About the Author…
A former pharmacist, I’m now a medical writer who also writes romance. Some days a racing heart is a medical condition, others it’s the reaction to a sexy hero.
With a husband who asks every Valentine’s Day whether he has to buy a card (yes, he does), any romance is all in my head. Then again, his unstinting support of my career change proves love isn’t always about hearts and flowers – and heroes come in many disguises.
I am delighted to share an extract today for Wartime With The Tram Girls by Lynn Johnson . I wish I had got the time to read this rather than just offering an extract as this book sounds great. Many thanks to Rachel at Rachel’s Random Resources for my spot on the tour and for arranging my extract for the final day of the tour.
This is the second book in the two book series.
July 1914: Britain is in turmoil as WW1 begins to change the world. While the young men disappear off to foreign battlefields, the women left at home throw themselves into jobs meant for the boys.
Hiding her privileged background and her suffragette past, Constance Copeland signs up to be a Clippie – collecting money and giving out tickets – on the trams, despite her parents’ disapproval.
Constance, now known as Connie, soon finds there is more to life than the wealth she was born into and she soon makes fast friends with lively fellow Clippies, Betty and Jean, as well as growing closer to the charming, gentle Inspector Robert Caldwell.
But Connie is haunted by another secret; and if it comes out, it could destroy her new life.
After war ends and the men return to take back their roles, will Connie find that she can return to her previous existence? Or has she been changed forever by seeing a new world through the tram windows?
Constance and her mother were sitting in the morning room taking their tea. There was a knock on the door and Mrs Williams, along with a tearful Alice, entered.
‘Sorry to trouble you Mrs Copeland, but Alice here’s had a problem at the butcher’s.’
‘Whatever’s the matter, Alice?’ asked Constance.
‘They have put up the meat we ordered but won’t give it to me unless I pay for it. Oh Miss Constance, they say we’re behind with the bill. I dunno what to do.’
‘She’s right, ma’am, I have checked the book. Nothing’s been paid since October,’ said Mrs Williams.
Constance turned to look at her mother. ‘Surely that can’t be right?’
‘Mrs Williams, would you and Alice mind leaving us, and I’ll get it sorted?’ Mother asked.
When they were alone, her mother continued. ‘I will speak to your father immediately.’
‘Before you go, Mother, I would like to understand a little more about our finances. We have a very nice lifestyle, but I have no idea how it’s funded.’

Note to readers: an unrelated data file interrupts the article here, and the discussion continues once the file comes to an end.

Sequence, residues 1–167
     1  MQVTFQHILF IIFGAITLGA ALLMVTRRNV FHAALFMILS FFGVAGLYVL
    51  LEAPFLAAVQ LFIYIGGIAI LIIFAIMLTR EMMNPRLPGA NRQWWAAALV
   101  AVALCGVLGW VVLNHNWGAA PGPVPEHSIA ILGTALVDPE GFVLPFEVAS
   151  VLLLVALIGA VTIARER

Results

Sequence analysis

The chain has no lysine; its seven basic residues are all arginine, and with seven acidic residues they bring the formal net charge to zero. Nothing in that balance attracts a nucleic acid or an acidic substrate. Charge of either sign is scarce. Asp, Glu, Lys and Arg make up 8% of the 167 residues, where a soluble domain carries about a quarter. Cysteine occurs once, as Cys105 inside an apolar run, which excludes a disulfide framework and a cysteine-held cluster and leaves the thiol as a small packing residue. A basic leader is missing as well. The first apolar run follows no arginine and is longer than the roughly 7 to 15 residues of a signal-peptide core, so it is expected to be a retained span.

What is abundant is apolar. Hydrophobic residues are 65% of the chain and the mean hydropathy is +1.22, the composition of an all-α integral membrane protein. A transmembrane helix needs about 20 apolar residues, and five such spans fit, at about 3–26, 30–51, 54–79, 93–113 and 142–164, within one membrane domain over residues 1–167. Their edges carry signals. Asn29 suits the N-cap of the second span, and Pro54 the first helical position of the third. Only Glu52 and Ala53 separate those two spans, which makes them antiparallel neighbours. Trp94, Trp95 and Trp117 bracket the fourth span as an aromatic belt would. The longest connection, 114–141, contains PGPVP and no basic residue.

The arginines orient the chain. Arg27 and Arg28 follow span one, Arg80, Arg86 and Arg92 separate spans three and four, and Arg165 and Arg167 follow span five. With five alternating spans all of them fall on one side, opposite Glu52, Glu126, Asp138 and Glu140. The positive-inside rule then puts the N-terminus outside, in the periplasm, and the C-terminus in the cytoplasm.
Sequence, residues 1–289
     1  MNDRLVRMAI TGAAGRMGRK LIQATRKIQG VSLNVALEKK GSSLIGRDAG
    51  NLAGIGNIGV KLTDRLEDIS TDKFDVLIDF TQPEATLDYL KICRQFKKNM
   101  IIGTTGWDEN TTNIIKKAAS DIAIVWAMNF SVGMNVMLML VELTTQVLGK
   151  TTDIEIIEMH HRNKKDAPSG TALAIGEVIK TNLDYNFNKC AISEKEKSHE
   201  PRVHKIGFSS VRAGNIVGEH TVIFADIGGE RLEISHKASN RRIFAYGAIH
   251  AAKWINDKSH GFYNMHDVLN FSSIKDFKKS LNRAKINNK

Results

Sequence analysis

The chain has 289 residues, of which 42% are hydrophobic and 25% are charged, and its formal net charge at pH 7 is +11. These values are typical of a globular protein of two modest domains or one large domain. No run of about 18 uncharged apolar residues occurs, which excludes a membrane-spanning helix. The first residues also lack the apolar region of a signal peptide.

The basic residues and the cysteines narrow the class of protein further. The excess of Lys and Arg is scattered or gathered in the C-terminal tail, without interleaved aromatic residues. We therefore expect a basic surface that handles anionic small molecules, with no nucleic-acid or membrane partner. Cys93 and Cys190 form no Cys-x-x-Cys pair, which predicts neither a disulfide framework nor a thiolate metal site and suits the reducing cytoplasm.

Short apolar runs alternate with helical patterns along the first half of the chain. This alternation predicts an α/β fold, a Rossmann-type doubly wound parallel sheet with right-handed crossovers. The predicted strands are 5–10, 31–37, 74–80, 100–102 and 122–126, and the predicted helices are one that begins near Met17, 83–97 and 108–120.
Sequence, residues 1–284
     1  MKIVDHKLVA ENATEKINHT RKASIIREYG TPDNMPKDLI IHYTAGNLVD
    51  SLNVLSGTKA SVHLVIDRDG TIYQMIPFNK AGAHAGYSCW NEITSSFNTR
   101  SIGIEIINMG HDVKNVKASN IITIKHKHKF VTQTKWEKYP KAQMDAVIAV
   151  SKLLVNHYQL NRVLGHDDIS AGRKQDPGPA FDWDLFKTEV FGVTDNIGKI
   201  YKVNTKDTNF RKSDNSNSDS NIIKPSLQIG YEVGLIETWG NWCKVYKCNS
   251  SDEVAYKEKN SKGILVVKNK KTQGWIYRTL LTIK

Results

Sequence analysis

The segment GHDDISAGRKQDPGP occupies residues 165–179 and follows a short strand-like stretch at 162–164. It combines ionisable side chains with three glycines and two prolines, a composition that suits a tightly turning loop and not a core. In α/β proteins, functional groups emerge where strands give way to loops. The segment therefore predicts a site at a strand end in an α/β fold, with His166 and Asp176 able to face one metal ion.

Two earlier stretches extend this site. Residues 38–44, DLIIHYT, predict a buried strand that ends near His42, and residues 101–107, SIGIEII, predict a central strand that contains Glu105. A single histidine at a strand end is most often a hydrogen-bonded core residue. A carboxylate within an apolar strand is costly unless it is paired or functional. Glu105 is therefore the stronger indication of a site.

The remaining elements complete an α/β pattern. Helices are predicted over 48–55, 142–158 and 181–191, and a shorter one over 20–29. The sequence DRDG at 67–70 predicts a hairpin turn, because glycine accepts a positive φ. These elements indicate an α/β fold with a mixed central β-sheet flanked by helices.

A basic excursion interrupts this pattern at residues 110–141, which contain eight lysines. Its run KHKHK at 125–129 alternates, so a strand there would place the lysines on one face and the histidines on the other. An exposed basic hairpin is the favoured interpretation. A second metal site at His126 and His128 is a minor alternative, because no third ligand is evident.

‘Your father deals with all of that, but I can tell you a little. The proceeds from the sale of the business and our house in Manchester enabled us to buy this house,’ her mother waved her arms about her, ‘and renovate it.’
‘I remember, it looked very sad when we moved in. I imagined it to be haunted or fancied some other terrible event had taken place!’
‘It’s a substantial property and your father could see its merits. The remainder of the money was invested equally in Government Bonds and shares in solid British companies.’
‘What are Government Bonds?’
‘I believe it’s money lent to the government by people like ourselves. In return, we get guaranteed interest periodically. The shares pay dividends which are not guaranteed but the income we get is higher, so it makes sense to have a mix of both. We live on the interest and dividends.’
‘I think I understand.’
‘Things have not gone too well for us recently. The war has had a considerable effect on our income. Many companies are paying very low dividends or none at all.’
‘Is that why he hasn’t replaced any of the servants?’
‘In part. We would have had considerable difficulty finding anyone when factories are paying such high wages for women, and conscription has taken most able-bodied men.’
Constance’s cheeks felt tight. How could they be in such a predicament without her knowing? She might have helped in some way. ‘Why didn’t you tell me?’
‘We didn’t want to bother you. You had enough on your plate. Your father thought we could manage without selling investments which are perfectly sound and will pay out again once the war is over and things get back to normal. We didn’t think that the war would last so long and it is affecting all incomes. Add this to the increase in living costs and we are feeling the strain of it all.’
‘My wedding fiasco hasn’t helped, has it?’
‘In all honesty, no. But we shall manage.’ Her mother got to her feet. ‘I must talk to your father.’